As the tour photographer for the Minnesota Orchestra in Cuba, I wanted to offer one more view of that incredible undertaking. Certainly the trip was historic, the music beautiful and the cultural exchange inspiring to witness. But within the orchestra's own ranks, I've never seen more camaraderie, love or dedication to greatness than was on display by the musicians and artistic staff in Cuba.

Transitioning from an orchestra that was on the brink of collapse to catapulting even further into the international limelight as one of the world's great orchestras doesn't happen by accident. Kevin Smith, the new president, interacted with the musicians with nothing less than total parity and a collaborative spirit. Music director Osmo Vänskä continued the orchestra's push toward brilliance with warmth and complete artistic command. And what more can be said about the musicians? They're warm, funny, brilliant people who drank rum, smoked cigars and were the best cultural ambassadors we could hope to send to Cuba and beyond. From the press corps all the way up to board president Warren Mack, everyone felt we were part of something special, and clearly the Cubans agreed. So to Minnesota audiences, this is the time to show some love, attend some concerts and be proud of what we have. This orchestra is to be cherished.

Travis Anderson, Minneapolis

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The lessons of the orchestra's historic tour to Cuba — so soon after the highly public labor stalemate between management and musicians — underscore the importance of consistently and constantly recognizing and acknowledging the impact of culture on all of us. We would all live in a better world if the significant role of arts and culture were captured through public discourse day-in and day-out — not just when an event hits the world stage. While local and national coverage of recent Minnesota Orchestra activities in Cuba has been wonderful, the media could help capture the multitude of ways in which culture impacts us — from the glint in the eye of a fifth-grader after playing violin at his or her first orchestra concert to the nod of recognition of an Alzheimer's patient remembering songs from childhood.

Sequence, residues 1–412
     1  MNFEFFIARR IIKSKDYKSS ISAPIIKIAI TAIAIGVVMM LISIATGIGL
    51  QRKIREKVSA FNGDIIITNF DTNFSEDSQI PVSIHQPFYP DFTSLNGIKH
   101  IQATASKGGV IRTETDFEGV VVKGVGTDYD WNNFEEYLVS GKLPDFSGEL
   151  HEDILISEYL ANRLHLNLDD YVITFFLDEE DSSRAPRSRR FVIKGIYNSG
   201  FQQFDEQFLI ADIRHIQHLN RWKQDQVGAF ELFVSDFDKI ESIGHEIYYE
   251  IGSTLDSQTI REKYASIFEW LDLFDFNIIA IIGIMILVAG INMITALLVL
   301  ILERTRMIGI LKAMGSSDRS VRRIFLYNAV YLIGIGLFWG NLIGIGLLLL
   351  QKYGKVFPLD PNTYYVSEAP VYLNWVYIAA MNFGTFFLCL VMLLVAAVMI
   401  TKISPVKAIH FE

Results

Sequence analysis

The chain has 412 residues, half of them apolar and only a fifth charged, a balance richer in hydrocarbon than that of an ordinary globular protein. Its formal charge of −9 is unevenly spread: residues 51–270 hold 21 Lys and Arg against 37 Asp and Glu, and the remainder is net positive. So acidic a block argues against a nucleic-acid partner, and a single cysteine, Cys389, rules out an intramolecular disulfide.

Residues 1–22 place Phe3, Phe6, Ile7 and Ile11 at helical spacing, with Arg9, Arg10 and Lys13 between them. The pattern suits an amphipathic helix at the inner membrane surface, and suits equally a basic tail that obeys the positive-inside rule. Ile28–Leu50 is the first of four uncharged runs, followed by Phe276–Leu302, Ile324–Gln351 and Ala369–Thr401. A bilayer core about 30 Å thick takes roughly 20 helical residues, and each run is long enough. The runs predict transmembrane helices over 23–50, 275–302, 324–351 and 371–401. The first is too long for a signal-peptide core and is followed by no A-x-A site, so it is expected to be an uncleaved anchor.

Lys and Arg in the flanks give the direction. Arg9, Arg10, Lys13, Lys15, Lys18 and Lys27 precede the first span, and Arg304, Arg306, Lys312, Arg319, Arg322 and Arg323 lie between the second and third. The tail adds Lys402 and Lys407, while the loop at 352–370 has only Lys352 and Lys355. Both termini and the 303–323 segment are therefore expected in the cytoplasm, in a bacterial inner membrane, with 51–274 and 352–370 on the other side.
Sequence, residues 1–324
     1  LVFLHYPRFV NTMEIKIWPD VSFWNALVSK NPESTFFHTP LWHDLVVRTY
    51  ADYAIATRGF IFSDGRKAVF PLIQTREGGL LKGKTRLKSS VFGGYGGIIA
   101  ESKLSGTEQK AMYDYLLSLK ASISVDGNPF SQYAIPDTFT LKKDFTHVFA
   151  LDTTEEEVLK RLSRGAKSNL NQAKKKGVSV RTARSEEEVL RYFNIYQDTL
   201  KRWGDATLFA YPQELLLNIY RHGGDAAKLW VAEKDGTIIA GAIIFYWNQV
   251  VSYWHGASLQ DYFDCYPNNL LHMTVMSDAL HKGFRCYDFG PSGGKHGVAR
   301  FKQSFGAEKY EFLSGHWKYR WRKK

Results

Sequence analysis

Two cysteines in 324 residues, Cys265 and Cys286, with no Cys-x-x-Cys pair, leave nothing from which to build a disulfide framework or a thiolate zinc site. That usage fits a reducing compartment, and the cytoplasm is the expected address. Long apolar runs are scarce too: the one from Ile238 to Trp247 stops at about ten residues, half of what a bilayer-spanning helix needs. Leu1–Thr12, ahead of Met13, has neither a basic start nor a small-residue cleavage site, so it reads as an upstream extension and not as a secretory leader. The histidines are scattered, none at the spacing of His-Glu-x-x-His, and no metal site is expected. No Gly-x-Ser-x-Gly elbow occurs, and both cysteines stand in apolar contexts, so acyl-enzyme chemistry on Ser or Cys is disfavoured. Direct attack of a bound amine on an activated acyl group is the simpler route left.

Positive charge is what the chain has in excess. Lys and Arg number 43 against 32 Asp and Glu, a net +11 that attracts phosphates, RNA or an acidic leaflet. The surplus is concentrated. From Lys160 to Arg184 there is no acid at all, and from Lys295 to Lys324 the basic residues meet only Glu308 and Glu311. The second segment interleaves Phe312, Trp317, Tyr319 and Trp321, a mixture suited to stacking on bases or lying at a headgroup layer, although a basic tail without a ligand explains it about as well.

Nathan Davis, Golden Valley

There's free trade, and there's fair trade (which we support)

In "Free-trade supporters push back" (May 19), Curt Hanson, co-founder of the Edina-based Trade Acceptance Group Ltd., stated that "Congress is completely detached from reality on free trade." He also said that he was puzzled over why so many members of Congress and the public oppose foreign trade agreements.

To be clear, the public and labor unions are against "free trade" and for "fair trade." To expect the workers of the U.S. to compete with workers in Vietnam who are making between 46 and 60 cents an hour is unrealistic. To say that by joining this agreement we will be open to a larger middle-class market is a bit deceptive; the middle class of the United States has a significantly higher buying power than the middle classes of Vietnam or Brunei.

If the past trade deals have been so good for America, why is our trade deficit so out of whack? (The Korea free-trade agreement increased our trade deficit with South Korea by 104 percent in just three years.) The truth is that the Trans-Pacific Partnership will not help people in poor, Pacific Rim countries buy American-made products. What it will do is allow multinational corporations to exploit low-wage workers, bypass environmental standards and continue to erode the shrinking middle class of the United States, while generating massive wealth for their companies.